- The Washington Times - Thursday, February 1, 2001

The 21st century will witness a dramatic change in the world's balance of power from Europe to Asia. There are two major aspiring powers India and Japan and one hegemonial power: China.

India and China comprise one-third of the world's population. Both are modernizing and will become central to the global economy as both (especially India) enter the information and technology age. India, in contradistinction to China, is the world's largest democracy. Its political stability is guaranteed even though there has been a recent change of government. The era of the one-party state, led by the Congress Party, is over. This is also true of other democracies like Israel and Mexico where hegemonial parties have disintegrated. But democracy survives mightily in all three despite their upheavals. Instability results from the collapse of democracy, which has not happened to these three thriving democracies.

It is hoped the Bush administration will bring an end to President Clinton's obsessive nonproliferation policy and arms control. To the Clintonians, arms control was foreign policy. They missed their opportunity with India only to awaken to its significance at the end of the administration, as represented by Mr. Clinton's five-day visit to India in 1999. Significantly, he spent only 24 hours in Pakistan. The end of the Cold War and the dramatic change of the Indian government from pro-Soviet and neutralist to a Western-oriented modernizing regime, should result in closer U.S.-Indian ties.

India's nuclear development was considered to be a most egregious obstacle to American-Indian relations in the era of Clinton a serious strategic error. To change the nature and structure of the U.S.-Indian relationship, the administration must do the following:

(1) End any sanctions against India in view of its nuclear power. The fact that nuclear power is in the hands of a democratic state should bring an end to the closed-door policy of the five-member nuclear club. Is India less reliable than Britain, France, Russia, China or the United States?

(2) Recognize India as a major Asiatic power and the need to establish an Indian-American special relationship and intimate strategic alliance and exchange. This will not only be important for relations between the United States and India, but we will be in a better position to influence Indian policy.

(3) Stay out of the Kashmir dispute. The Kashmir dispute between India and Pakistan emerged from a U.N. partition at independence, similar to the Israel-Palestine conflict that emerged from the U.N. partition at the birth of Israel. Fifty years-plus clearly demonstrate that all parties are not ready for conflict resolution. Eight years of Clintonian micromanagement of the Israel-Palestine dispute ended with a bloody intifada and some 400 Israelis and Palestinians dead. A U.S. meddling into the Kashmir dispute, which is as irreconcilable as the Palestine issue, is not in the interest of the United States. The parties themselves must resolve the conflict, and the United States should not actively intervene until the parties are ready to seek U.S. mediation. One could argue that Mr. Clinton's obsessive activism in the Israel-Palestinian conflict has raised Utopian pipe dreams on the part of Palestinians who now could ignite be a regional war. An American effort to do the same in the Kashmir issue may result in the parties becoming more inflexible than they are now.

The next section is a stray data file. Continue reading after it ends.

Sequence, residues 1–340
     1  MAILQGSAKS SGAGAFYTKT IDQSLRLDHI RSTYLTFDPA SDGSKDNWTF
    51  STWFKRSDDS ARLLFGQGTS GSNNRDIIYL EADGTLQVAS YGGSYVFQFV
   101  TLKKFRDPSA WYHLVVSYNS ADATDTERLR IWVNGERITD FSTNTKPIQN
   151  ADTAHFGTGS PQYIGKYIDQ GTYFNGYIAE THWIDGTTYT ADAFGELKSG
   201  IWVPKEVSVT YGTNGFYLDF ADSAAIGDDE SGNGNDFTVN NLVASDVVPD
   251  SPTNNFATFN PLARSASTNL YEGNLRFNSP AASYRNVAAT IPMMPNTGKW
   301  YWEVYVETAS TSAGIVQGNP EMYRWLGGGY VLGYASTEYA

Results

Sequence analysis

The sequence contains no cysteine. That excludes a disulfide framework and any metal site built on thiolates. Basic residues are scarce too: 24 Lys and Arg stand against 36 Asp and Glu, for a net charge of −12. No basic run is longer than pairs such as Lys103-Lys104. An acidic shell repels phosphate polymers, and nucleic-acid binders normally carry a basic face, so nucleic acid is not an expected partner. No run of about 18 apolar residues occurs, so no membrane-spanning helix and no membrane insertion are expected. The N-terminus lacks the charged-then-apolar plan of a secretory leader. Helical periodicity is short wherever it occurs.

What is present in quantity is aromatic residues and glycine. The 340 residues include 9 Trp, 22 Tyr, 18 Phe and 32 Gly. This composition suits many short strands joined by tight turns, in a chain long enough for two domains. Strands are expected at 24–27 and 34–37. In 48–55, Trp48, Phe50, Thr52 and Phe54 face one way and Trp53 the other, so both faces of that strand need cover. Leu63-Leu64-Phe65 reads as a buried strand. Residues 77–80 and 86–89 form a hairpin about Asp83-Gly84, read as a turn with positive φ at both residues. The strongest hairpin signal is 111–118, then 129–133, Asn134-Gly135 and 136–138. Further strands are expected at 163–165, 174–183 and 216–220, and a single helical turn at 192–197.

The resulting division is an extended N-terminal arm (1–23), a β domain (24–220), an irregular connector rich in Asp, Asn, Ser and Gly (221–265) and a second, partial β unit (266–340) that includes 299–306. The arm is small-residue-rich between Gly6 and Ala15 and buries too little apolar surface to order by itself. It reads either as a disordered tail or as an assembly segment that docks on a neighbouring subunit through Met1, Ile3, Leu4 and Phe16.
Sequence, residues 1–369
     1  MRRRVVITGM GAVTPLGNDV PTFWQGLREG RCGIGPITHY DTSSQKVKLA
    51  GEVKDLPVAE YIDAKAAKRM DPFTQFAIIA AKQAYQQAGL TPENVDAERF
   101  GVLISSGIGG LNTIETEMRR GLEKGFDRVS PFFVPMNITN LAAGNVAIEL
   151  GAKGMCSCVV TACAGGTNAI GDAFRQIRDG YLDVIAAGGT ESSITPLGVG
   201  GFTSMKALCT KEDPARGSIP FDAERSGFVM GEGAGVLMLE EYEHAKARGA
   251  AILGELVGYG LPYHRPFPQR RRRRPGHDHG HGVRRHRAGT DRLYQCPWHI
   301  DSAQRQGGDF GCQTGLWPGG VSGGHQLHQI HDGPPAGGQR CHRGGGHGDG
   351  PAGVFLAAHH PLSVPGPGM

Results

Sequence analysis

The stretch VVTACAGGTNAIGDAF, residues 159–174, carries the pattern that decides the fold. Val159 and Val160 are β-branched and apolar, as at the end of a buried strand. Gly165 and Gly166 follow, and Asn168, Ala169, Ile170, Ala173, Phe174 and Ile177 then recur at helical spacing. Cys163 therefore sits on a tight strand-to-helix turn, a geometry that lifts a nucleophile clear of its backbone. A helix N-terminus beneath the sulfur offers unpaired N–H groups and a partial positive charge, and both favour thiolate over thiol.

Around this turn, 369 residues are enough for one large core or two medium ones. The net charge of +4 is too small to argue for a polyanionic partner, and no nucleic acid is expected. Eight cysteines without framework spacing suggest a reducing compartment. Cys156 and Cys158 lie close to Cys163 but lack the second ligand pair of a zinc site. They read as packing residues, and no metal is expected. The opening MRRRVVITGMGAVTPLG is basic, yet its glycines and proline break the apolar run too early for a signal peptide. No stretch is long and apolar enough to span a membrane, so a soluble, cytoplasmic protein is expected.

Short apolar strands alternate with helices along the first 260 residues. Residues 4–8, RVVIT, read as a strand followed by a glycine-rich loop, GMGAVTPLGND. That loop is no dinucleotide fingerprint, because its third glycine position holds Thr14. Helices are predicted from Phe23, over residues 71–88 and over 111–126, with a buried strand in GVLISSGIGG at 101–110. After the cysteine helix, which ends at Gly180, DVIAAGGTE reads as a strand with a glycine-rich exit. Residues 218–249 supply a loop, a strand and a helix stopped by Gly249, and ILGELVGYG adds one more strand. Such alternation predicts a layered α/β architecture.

(4) Make good on the commitment to a war against terrorism. Islamic fundamentalist terrorism is anchored in Afghanistan and Pakistan. These terrorists have moved to the Middle East and are responsible for the attack on the US Cole. India could and should be a bastion of American anti-terrorist strategy. Essential to this is intimate U.S.-Indian intelligence cooperation.

Advocates of peaceful resolution in international conflict who argue that the greater the American role the better have been proven wrong historically. Two cases in point: The Sadat-Begin initiative and the Oslo Process took place when the United States was in the dark. The parties invited the United States to mediate at this point. Mr. Clinton's aggressive intervention in the last few weeks of his administration in an attempt to establish parameters for the parties on the most important issues Jerusalem, right of return, borders and security failed miserably. He moved from mediation to aggressive intervention with disastrous results and that could lead to a major war in the Middle East. Aggressive intervention in the Kashmir dispute, between two nuclear powers (India and Pakistan), is even more ominous. Aggressive intervention could cancel the hope for a U.S.-India strategic alliance, and could be detrimental to U.S.-Asian strategy.

There are four powers competing for a major role in the Pacific: the United States, China, India and Russia. The Russian and Chinese overtures to India are serious. Rather than have an Russian entente with India, the U.S. can forge a relationship with India as a serious potential deterrent to Chinese aggressiveness. The U.S. is a naval power, and the Pacific and Indian Oceans are fundamental to U.S. security. The Bush administration needs to seriously consider the geopolitical nature of its Pacific and Indian Ocean strategies.

Amos Perlmutter is a professor of political science and sociology at American University and editor of the Journal of Strategic Studies.

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